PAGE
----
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Thursday, February 4, 2010


Off the subject of my own career crisis...last night, I enjoyed my time at our weekly Community Group more than usual. After lively discussions about Food Rules, Celebrity Rehab, Lost, 24, and The Bachelor (and a lot of laughing!), we got around to considering Tom's message last Sunday regarding Communion. And I got to ask my question. I understand the point about "remembering the poor" but how do we actually DO that? If "remembering" means "orienting our lives around" and "serving," what does that really look like? I mean really? We're not all supposed to go live in Africa, or spend our afternoons at Southtown. Sending that money to World Vision for Peace (a 6-yr-old boy in Zimbabwe) once a month just doesn't seem like "orienting my life" around this child. And whether or not I attend auxiliary meetings for a woman's shelter doesn't make a difference. It all feels like a mere token.
Anyway, we had a thought-provoking discussion last night. We talked about how relationship seems to be at the heart of this "remembering." Then I recalled a book that helped me wrestle with this in the past. And I picked it up this morning and opened it up to Chp. 11 "Servants or Friends?" After briefly breaking down the idea of Jesus having things "backward" and always "turning things upside down," (the greatest among you will be your servant, Matt. 23:10-12, etc...), the author explains how Christians have tended to get _Christ_ backwards and says, "There are bad servants as well as good servants. The critical issue may be in understanding the difference. A good servant must really have it backward. He can't use the imperatives of mission and service to dominate and control."
He goes on to say that America's GNP is now dependent on an economy of professional servers (doctors, lawyers, politicians, teachers etc...) So now, "instead of a nation of conquistadors, we are a nation of servers...the question is, whether we are a nation of good servants or lords of commercialized systems of service that attempt to exert control."
Finally, the author explains it in relation to communion...and this really spoke to me. So I've copied it here, word for word:
"At the Last Supper, Christ was telling the disciples those things of greatest importance. It was His final opportunity to communicate the central values of His faith. "No longer do I call you servants," He said, "for a servant does not know what his master is doing; but I have called you friends, for all things that I heard from My Father, I have made known to you" (John 15:15). Finally, Christ said you are not servants. You know the Father's heart. You know the inside story. You are friends. Perhaps beyond the revolutionary Christian mandate of service is the final revolution, the possibility of being friends. Friends are people who know each other, who care, respect, struggle and are committed through time. Christ's mandate to be friends is a revolutionary idea in our serving society. Why friends rather than servants? Perhaps it is because He knew that servants could always become lords but that friends could not. Professional servants may operate on the assumption that "you will be better because I know better," but friends believe that "we will be better because we share in each others' lives." Servants are people who know the mysteries that can control those to whom they give "help." Friends, on the other hand, are free to give and receive help from each other. Here we are, a nation of professional servers, following Christ's mandate to serve. And here He is, at the final moment, getting it backward once again. The final message is not to serve. Rather, He directs us to be friends."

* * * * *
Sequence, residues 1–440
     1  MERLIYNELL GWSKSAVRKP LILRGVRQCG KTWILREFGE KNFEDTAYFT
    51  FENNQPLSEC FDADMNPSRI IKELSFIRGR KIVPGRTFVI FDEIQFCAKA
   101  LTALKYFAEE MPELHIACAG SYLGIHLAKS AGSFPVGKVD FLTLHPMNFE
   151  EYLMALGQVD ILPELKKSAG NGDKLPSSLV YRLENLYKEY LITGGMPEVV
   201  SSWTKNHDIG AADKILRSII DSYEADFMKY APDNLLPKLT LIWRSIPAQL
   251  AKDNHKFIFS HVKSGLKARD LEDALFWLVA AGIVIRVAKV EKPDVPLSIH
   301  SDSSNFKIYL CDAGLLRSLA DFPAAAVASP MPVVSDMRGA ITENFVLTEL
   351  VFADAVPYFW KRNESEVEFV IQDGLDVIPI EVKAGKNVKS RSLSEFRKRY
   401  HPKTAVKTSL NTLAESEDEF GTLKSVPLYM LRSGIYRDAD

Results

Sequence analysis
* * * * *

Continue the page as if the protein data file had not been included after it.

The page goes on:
from Compassion, Justice, and the Christian Life; Rethinking Ministry to the Poor, by Robert Lupton. p.67
It probably makes better sense in the context of the whole book (of course) and I have no final conclusion on this. But it's given me good food for thought and a desire to share it for whatever reason. It also leaves me with a sense of gratitude, esp. to: a) Mr. Lupton for being wise enough to distill this point and write so clearly and b) the friends I'm humbled by who get this serving thing backwards in the best way (at places like Bethany Home, Better Basics, Red Mountain Church, Restoration Academy, Cornerstone School, SouthTown, Young Life...) Who knows? Maybe this will plant a seed in the garden of my career crisis. That will be my prayer for now.